Chapter 23 - The Yellow Chief by Mayne Reid

The Stampeders Captured.

In starting in chase of the straying cavallada, the Cheyennes did not go on at full speed. The spectacle of over twenty horses saddled and bridled, wandering about without riders on their backs, or the sign of an owner following after them, was one so novel, that, while causing astonishment to the savages, it also aroused their instincts of caution. It looked like what the Indians had first taken it for—a stampede. And still it might be the ruse of an enemy, with the design of drawing them into an ambuscade. Partly for this reason, and partly that the ownerless animals might not be scared into a second stampede, and so become difficult of capture, the Cheyennes rode toward them slowly and deliberately.

As they drew near, however, and still no white men appeared in sight, they quickened their pace, and at length broke into a gallop—charging at full speed upon the sauntering drove. This had become necessary, as the white men’s horses had “smelt Indian,” and with crests erect, and snorting nostrils, showed signs of making off.

For a period of ten minutes there was a confused movement upon the plain—a sort of irregular tournament, in which horses ridden by dusky riders, and others without any, were mingled together and galloping towards every point of the compass; long slender ropes, like snakes, suddenly uncoiled, were seen circling through the air; wild cries were heard, sent forth from a score of savage throats—the clamour increased by the shrill neighing of horses and the shriller hinneying of the mules—while the firm prairie turf echoed the tread of over a hundred hoofs.

And soon this tableau underwent a change. The dark moving mass became scattered over a wider surface, and here and there could be seen, at intervals apart, the oft-described spectacle of a horseman using the lazo: two horses at opposite ends of a long rope stretched taut between them, tails toward each other, one of them standing with feet firmly planted, the lazo fast to a stapled ring in the tree of his saddle; the other prostrate upon the ground, with the rope wound around his neck, no longer struggling to free himself, but convulsively to get breath.

And soon again the tableau became changed. The captured steeds were whipped back upon their feet, and their captors once more got into a clump together, each leading a spare horse, that followed without further resistance.

Some had none, while others, more fortunate or skilful, had succeeded in making a double take during the quick scramble.

After the more serious work of the morning, it was a light and pleasant interlude for the young Cheyennee, and, as they returned toward their camp, they were full of joyous glee.

Still were their thoughts damped with some suspicion of danger. The novelty of such an easy razzia had in it also something of mystery; and as they rode slowly back over the prairie swells, they glanced anxious glances toward the north—the point from which the stampeded horses had come.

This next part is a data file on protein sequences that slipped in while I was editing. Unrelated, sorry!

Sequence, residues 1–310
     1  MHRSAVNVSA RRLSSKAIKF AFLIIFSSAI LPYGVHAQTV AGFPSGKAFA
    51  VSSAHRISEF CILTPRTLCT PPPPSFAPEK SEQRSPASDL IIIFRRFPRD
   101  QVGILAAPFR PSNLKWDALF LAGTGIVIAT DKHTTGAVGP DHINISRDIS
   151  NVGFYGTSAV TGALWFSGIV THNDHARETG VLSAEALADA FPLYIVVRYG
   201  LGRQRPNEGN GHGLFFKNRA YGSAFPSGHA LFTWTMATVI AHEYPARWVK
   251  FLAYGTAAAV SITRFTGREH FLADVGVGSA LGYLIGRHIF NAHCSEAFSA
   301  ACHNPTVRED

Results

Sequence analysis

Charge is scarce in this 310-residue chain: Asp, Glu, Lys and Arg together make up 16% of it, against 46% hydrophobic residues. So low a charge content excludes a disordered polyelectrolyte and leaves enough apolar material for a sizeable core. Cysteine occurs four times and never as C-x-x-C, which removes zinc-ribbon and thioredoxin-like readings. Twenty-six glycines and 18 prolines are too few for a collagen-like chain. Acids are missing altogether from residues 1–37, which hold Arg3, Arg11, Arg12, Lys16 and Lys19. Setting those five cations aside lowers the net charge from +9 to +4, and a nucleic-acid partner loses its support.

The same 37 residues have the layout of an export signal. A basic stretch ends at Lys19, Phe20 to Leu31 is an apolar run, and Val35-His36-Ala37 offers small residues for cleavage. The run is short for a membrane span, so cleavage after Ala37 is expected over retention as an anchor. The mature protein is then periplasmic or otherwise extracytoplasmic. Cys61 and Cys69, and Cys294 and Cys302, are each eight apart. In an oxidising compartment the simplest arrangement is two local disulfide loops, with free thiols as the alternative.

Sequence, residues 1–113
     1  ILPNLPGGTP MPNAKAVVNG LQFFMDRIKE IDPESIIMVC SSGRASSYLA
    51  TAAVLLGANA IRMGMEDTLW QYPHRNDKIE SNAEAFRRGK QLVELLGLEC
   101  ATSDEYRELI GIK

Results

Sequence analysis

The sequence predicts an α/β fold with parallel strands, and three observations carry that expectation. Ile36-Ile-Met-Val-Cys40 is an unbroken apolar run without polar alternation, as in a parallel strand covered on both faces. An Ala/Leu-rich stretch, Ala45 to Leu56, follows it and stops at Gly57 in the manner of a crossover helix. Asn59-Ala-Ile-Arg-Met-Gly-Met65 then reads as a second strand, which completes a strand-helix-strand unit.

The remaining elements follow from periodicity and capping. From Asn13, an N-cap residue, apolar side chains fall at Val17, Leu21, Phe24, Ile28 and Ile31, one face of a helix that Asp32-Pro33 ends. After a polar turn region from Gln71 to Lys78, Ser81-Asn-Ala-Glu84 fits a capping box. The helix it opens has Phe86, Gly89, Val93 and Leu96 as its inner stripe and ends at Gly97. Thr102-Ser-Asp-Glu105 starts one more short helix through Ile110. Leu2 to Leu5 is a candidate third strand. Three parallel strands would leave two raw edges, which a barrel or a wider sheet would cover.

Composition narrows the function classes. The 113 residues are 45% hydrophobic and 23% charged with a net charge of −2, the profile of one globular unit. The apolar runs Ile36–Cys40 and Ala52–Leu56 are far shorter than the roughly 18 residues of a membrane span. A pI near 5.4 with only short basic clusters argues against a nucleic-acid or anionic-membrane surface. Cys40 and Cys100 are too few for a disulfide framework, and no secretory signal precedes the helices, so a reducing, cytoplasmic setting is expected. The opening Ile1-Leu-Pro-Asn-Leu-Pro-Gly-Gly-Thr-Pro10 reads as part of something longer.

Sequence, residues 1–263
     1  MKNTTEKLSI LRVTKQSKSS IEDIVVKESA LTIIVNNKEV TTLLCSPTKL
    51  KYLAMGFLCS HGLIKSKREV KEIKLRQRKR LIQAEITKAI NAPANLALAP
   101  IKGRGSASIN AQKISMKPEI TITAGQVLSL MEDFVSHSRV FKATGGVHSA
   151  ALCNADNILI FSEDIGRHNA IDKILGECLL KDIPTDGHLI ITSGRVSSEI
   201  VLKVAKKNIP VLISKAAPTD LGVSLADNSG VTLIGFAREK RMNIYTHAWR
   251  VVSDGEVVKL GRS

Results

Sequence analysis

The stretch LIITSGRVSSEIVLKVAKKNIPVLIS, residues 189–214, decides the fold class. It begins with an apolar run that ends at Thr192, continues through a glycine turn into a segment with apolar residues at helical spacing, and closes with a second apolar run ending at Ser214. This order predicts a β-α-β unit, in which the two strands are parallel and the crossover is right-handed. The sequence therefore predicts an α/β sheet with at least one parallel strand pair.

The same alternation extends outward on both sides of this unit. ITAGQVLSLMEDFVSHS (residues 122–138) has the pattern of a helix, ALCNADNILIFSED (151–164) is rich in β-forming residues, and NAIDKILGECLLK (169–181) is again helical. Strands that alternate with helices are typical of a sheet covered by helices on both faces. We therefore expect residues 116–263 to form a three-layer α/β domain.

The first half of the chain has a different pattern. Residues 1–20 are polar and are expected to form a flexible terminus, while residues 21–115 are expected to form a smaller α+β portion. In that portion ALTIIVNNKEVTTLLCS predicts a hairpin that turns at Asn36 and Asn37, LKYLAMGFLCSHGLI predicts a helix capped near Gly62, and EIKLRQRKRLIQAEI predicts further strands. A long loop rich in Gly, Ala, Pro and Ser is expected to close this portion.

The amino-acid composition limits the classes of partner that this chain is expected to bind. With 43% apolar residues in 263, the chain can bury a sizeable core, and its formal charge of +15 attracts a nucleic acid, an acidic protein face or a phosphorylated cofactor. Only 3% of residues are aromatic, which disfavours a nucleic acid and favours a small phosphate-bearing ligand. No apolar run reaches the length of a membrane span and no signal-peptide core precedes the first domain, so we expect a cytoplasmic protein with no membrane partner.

But no one was in sight—there was no sign of a human being!

Were the owners of the lost horses asleep? Or had they been struck dead, before the scattering commenced?

The mutual congratulations of the savages on the handsome coup they had made were restrained by the mystery that surrounded it; and, with mingled feelings of gladness and apprehension, they once more approached the spot where, as they supposed, their comrades and captives awaited them.

They went with as much speed as the led horses would allow them. Their chief, cunning as he was courageous, suspected that danger might be nigh. Where there was smoke there should be fire; and thinking of this old adage, he knew that where there were over twenty caparisoned horses there must be at least this number of men not far off—men who could only be enemies. Now that the animals were in his possession, he was sure of their owners being white. The saddles, bridles, and other trappings were such as are never, or only occasionally, used by the red-skinned cavaliers of the prairie. Though now surely afoot, the men to whom the horses belonged would be as sure to follow them; and the Yellow Chief knew that a score of white men armed with their death-dealing rifles would be an overmatch for his band, though these outnumbered them two to one. The captured animals told him something besides: their caparison proved them to belong to trappers; which, in his reckoning, more than doubled their number.

To gather up the spoils taken from the emigrant train, along with the captives, and take speedy departure from the place, was now his design.

He was thinking of the triumph that awaited him on his return to the head town of the great Cheyenne tribe; the welcome he would receive bringing back such a booty—horses, spoils, prisoners, the last to be distributed as slaves—of his increased glory in the nation, his promotion among the leaders, and the hope some day to become head chief of the Cheyennes—all these thoughts passing through his mind made him highly exultant.

And there was the other thought—revenge over his enemies in early life—those by whose tyranny and persecution he had been driven forth to find a home, and along with it honour, among the red men of the wilderness.

His fiendish spirit felt sweet joy, thus revelling in revenge; and as he rode back toward the camp, where he knew his victims awaited him, he might have been heard muttering to himself:

“They shall serve me, as I have served them. And she who is called my sister—she shall be my slave!”